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The Raiders have never cared much for convention. Deceased owner Al Davis was a trailblazer in several respects, especially in the hiring process. He made Tom Flores the first Latino head coach. Art Shell was the modern era’s first African American head coach. CEO Amy Trask was the NFL’s first female front-office executive.
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Al Davis’ stance on players was similarly open. If you could jump high and run fast and hit hard and throw deep, you could be a Raider. As the old saying goes: “Just Win, Baby.”
The new regime operates under a similar code. Missouri defensive end Michael Sam will be evaluated as a football player, and his sexuality will not impact that grade. The reigning SEC defensive player of the year publicly came out as gay on Sunday night in interviews with the New York Times and ESPN.
“The Oakland Raiders have long championed diversity and opportunity,” Raiders general manager Reggie McKenzie said in a statement. “The organization will evaluate Michael Sam based purely on his ability as a football player.”
The Raiders have also placed high emphasis on character in recent seasons, and it's clear Sam has plenty of that.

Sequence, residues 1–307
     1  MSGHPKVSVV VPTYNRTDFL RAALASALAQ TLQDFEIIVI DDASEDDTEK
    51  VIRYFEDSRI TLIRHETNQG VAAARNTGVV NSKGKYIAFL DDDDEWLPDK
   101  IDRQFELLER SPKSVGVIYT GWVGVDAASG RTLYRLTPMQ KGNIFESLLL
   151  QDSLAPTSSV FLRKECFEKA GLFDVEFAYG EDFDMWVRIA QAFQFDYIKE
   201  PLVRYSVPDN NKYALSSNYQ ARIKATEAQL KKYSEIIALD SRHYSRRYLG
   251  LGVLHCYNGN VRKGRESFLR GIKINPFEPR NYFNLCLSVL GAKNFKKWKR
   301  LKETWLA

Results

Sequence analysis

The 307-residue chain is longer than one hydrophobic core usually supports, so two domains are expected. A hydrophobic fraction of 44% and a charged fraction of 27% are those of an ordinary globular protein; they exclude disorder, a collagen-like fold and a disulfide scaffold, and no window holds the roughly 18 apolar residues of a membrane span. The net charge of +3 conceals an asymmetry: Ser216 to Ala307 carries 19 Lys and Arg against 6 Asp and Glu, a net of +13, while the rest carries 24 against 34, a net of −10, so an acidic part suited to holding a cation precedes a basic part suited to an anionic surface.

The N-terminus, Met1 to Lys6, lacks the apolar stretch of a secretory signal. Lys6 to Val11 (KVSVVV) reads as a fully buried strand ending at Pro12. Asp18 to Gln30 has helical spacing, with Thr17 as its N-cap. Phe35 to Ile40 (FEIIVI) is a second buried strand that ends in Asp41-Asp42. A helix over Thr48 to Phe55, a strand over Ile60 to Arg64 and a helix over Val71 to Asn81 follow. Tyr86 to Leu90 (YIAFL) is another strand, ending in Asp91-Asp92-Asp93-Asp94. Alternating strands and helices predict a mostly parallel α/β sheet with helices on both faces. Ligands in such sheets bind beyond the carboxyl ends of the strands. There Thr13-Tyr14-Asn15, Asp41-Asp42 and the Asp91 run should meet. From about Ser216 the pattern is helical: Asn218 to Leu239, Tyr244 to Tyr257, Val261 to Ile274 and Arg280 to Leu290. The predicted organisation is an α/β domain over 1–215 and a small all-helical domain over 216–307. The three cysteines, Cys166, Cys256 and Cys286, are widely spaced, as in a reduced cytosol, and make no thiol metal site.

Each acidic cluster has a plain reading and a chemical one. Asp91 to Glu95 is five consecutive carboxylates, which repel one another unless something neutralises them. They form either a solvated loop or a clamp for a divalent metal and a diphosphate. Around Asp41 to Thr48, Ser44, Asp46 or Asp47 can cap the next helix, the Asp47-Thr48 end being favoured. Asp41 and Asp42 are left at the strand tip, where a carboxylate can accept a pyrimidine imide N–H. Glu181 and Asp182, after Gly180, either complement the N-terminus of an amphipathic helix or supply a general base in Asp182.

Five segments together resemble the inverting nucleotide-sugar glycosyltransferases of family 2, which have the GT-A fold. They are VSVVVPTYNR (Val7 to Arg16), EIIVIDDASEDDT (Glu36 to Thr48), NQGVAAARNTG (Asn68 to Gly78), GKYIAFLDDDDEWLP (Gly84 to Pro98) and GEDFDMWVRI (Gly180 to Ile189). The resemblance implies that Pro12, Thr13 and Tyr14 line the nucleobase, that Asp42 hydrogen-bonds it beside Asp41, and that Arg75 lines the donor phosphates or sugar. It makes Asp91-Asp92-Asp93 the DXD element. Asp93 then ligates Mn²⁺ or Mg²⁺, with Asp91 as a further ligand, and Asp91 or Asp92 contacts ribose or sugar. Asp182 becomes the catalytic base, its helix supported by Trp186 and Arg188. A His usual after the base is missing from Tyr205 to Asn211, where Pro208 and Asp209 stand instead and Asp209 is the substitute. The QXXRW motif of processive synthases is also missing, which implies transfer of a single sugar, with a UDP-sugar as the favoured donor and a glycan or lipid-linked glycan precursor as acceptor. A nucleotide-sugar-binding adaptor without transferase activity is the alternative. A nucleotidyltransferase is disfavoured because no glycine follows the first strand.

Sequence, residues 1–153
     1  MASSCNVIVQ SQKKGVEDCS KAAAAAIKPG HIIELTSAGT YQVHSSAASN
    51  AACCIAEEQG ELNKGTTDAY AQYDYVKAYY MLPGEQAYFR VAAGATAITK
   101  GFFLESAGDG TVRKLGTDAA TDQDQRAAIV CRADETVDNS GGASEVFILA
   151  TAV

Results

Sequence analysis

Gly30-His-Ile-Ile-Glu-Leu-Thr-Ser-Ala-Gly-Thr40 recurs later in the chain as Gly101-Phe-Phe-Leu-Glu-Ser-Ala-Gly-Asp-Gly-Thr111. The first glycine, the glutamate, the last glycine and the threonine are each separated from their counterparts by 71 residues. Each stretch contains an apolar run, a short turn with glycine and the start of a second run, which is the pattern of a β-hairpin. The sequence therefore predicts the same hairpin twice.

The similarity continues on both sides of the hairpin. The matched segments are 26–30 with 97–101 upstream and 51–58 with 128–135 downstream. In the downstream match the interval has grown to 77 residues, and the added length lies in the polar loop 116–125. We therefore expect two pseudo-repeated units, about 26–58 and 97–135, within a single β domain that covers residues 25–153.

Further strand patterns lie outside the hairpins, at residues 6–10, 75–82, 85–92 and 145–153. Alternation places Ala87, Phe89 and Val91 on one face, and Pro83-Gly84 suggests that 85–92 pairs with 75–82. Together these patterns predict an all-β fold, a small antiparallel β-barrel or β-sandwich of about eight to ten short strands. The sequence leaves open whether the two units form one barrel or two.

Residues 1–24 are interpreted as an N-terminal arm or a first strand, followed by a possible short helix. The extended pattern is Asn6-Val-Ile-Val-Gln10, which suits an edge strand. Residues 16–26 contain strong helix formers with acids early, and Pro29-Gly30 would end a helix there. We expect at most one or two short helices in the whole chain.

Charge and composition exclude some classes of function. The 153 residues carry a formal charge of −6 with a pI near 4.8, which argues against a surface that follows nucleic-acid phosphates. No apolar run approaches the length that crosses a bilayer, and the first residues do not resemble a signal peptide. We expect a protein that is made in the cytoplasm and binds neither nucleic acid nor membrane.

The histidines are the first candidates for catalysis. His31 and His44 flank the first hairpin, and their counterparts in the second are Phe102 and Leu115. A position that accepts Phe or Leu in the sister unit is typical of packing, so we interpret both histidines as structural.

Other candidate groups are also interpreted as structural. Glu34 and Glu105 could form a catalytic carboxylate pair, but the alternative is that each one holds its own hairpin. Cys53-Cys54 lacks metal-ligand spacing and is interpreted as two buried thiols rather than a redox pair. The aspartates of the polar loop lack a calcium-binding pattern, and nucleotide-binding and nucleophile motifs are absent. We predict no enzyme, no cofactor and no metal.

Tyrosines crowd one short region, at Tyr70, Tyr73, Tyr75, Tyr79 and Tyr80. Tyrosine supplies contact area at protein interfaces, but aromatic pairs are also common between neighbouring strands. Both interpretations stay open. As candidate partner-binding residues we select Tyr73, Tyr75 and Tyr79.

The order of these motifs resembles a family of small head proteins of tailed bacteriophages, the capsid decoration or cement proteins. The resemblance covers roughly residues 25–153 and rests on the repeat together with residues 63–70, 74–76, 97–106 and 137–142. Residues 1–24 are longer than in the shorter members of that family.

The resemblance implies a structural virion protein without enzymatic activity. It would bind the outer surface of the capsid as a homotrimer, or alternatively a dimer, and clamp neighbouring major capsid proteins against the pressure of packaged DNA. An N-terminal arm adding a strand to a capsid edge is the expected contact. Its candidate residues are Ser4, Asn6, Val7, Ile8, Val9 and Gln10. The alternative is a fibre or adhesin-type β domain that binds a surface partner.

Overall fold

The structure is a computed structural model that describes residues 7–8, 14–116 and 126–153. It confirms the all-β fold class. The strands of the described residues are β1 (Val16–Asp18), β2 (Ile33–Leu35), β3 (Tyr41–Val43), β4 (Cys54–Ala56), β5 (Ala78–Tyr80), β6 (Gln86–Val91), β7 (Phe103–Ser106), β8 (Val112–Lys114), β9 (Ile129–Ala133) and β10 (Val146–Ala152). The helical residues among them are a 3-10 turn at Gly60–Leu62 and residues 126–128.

His specific talents, however, might not fit what the Raiders are trying to do with their 4-3 defensive front. Sure, the Raiders need pass rushers. They're just trying to get bigger and stronger and better suited to win one-on-one matchups and create pressure with a four-man rush. At 6-foot-2 and 255 pounds, without elite quickness, Sam might not fit that mold. If he's available as the draft moves along, he could be worth a later-round selection where gambles are more prevalent.
Smaller pass rushers have played well as a 4-3 end – Robert Mathis (6-2, 245), when Indianapolis used that scheme, comes to mind – but they are generally exceptions to the rule.
There’s also talk that Sam could move back and play outside linebacker in a 3-4 set, which the Raiders don’t run.
Regardless of scheme, the Raiders aren’t looking for help in a linebacker corps that comes back intact next season. The Raiders have high expectations for 2013 third-round pick Sio Moore on the strong side. Veteran Kaluka Maiava has two years left on his contract and will be Moore’s primary backup.